The basic question to be answered in determining whether, under a given set of facts, a statute of limitations is to be tolled, is one 'of legislative intent whether the right shall be enforceable * * * after the prescribed time.' Mid-state Horticultural Co. v. Pennsylvania R. Co., 320 U.S. 356, 360, 64 S.Ct. 128, 130, 88 L.Ed. 96. Classification of such a provision as 'substantive' rather than 'procedural' does not determine whether or under what circumstances the limitation period may be extended.2 As this Court has expressly held, the FELA limitation period is not totally inflexible, but, under appropriate circumstances, it may be extended beyond three years. Glus v. Brooklyn Eastern Terminal, 359 U.S. 231, 79 S.Ct. 760, 3 L.Ed.2d 770. See Osbourne v. United States, 164 F.2d 767 (C.A.2d Cir.); Scarborough v. Atlantic Coast Line R. Co., 178 F.2d 253, 15 A.L.R.2d 491 (C.A.4th Cir.); Frabutt v. New York, C. & St. L.R. Co., 84 F.Supp. 460 (D.C.W.D.Pa.). These authorities indicate that the basic inquiry is whether congressional purpose is effectuated by tolling the statute of limitations in given circumstances.

In order to determine congressional intent, we must examine the purposes and policies underlying the limitation provision, the Act itself, and the remedial scheme developed for the enforcement of the rights given by the Act. Such an examination leads us to conclude that it effectuates the basic congressional purposes in enacting this humane and remedial Act,3 as well as those policies embodied in the Act's limitation provision, to hold that when a plaintiff begins a timely FELA action in a state court of competent jurisdiction, service of process is made upon the opposing party, and the state court action is later dismissed because of improper venue, the FELA limitation is tolled during the pendency of the state action.

Statutes of limitations are primarily designed to assure fairness to defendants. Such statutes 'promote justice by preventing surprises through the revival of claims that have been allowed to slumber until evidence has been lost, memories have faded, and witnesses have disappeared. The theory is that even if one has a just claim it is unjust not to put the adversary on notice to defend within the period of limitation and that the right to be free of stale claims in time comes to prevail over the right to prosecute them.' Order of Railroad Telegraphers v. Railway Express Agency, Inc., 321 U.S. 342, 348—349, 64 S.Ct. 582, 586, 88 L.Ed. 788. Moreover, the courts ought to be relieved of the burden of trying stale claims when a plaintiff has slept on his rights. 4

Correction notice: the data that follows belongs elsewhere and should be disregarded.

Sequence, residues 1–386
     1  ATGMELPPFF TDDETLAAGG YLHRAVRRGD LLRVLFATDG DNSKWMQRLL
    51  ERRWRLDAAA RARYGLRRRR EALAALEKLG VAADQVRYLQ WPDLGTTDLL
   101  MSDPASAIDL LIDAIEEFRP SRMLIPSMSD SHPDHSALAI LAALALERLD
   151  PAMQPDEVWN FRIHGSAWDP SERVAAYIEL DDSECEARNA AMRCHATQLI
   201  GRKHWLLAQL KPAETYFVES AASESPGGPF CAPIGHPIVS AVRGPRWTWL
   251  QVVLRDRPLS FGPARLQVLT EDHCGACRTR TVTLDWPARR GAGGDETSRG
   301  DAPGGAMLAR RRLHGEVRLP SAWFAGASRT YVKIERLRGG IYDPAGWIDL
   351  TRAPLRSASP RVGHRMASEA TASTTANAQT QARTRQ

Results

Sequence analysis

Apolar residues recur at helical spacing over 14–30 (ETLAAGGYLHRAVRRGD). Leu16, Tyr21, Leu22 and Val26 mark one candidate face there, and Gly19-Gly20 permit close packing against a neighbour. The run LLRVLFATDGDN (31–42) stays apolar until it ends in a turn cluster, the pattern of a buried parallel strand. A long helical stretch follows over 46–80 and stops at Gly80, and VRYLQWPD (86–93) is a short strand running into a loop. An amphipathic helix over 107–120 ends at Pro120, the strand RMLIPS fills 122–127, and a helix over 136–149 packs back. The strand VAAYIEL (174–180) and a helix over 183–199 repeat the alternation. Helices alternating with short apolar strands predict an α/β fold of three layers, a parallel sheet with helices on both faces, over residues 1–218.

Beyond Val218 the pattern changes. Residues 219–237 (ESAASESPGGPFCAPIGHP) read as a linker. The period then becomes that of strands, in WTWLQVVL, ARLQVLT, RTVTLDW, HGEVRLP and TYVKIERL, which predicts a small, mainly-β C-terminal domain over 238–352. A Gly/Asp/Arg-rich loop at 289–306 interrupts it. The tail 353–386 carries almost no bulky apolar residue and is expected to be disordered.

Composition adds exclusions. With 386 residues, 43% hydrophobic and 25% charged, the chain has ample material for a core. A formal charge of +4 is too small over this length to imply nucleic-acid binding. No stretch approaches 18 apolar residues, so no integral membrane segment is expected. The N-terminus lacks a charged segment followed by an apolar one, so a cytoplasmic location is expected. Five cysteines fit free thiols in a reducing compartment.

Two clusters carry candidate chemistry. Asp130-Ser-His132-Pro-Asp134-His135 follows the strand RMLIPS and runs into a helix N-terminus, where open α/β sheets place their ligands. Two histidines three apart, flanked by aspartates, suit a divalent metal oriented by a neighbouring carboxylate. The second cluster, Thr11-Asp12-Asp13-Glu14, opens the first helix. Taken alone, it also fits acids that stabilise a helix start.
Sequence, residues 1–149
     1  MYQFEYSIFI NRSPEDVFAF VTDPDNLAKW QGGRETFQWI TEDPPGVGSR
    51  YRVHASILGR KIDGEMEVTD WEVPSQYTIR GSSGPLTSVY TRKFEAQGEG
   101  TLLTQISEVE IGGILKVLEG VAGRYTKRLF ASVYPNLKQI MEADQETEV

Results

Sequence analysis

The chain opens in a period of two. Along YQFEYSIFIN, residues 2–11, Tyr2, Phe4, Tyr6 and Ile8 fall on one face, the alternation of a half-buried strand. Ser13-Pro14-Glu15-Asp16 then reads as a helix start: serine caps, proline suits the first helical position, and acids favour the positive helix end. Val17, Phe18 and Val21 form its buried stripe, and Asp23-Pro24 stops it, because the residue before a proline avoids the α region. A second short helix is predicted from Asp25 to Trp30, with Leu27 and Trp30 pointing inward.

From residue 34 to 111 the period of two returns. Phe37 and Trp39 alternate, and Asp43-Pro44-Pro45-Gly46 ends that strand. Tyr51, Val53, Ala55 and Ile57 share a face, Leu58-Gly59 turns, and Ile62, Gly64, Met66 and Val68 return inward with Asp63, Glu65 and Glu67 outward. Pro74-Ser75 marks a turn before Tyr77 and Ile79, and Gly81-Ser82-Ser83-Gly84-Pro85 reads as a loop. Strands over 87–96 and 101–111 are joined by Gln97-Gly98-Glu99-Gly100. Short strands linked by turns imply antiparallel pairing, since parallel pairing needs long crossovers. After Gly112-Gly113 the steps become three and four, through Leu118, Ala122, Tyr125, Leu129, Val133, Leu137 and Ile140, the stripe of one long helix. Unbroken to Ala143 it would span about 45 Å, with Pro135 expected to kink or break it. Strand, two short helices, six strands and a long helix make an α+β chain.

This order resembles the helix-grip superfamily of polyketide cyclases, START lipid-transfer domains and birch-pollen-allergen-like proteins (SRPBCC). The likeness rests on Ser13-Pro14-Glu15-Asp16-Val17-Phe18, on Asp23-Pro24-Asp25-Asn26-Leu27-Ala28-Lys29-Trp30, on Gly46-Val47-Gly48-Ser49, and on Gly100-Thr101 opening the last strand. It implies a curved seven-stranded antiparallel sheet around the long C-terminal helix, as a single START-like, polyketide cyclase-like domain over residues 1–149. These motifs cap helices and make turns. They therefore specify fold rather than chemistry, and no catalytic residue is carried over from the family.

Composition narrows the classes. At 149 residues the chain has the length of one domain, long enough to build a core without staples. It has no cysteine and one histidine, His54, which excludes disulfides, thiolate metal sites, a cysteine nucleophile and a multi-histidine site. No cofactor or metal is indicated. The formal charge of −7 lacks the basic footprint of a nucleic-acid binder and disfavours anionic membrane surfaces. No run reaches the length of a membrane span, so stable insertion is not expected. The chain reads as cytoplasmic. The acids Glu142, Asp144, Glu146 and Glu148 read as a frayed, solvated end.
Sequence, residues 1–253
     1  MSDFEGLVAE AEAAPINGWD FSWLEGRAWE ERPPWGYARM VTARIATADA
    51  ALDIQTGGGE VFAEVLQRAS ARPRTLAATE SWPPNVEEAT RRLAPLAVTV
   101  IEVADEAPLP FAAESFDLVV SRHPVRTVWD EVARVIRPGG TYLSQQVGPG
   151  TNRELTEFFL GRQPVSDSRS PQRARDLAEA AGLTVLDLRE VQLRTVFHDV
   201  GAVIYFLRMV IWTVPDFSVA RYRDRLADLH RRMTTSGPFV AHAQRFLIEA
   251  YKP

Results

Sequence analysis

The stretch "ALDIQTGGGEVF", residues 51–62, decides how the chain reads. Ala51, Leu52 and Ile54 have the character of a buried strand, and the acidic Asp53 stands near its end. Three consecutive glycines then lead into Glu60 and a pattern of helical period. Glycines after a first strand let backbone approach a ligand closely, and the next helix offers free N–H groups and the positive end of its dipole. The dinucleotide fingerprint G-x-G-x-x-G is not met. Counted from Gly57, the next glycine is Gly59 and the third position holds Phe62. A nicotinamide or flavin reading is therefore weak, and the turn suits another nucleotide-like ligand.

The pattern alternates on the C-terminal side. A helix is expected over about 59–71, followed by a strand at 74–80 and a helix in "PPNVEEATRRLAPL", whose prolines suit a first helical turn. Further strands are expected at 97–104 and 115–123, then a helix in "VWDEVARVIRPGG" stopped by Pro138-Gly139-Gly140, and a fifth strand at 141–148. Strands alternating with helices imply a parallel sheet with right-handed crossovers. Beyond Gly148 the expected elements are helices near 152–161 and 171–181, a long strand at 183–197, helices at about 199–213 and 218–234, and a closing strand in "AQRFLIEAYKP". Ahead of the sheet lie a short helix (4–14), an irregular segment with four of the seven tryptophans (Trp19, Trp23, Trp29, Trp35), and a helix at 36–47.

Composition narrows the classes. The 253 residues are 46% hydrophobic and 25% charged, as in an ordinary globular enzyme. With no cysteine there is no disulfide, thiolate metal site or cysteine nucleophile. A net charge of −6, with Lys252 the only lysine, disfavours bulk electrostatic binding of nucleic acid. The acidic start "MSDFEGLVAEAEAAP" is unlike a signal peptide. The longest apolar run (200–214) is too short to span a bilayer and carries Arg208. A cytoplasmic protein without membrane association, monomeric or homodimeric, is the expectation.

This policy of repose, designed to protect defendants, is frequently outweighed, however, where the interests of justice require vindication of the plaintiff's rights. Thus, this Court has held that an FELA action is not barred, though brought more than three years after the cause of action accrued, where a defendant misled the plaintiff into believing that he had more than three years in which to bring the action. Glus v. Brooklyn Eastern Terminal, supra. Moreover, it has been held that the FELA limitation provision is tolled when war has prevented a plaintiff from bringing his suit, even though a defendant in such a case might not know of the plaintiff's disability and might believe that the statute of limitations renders him immune from suit. See Osbourne v. United States, supra; Frabutt v. New York, C. & St. L.R. Co., supra. In such cases a plaintiff has not slept on his rights but, rather, has been prevented from asserting them.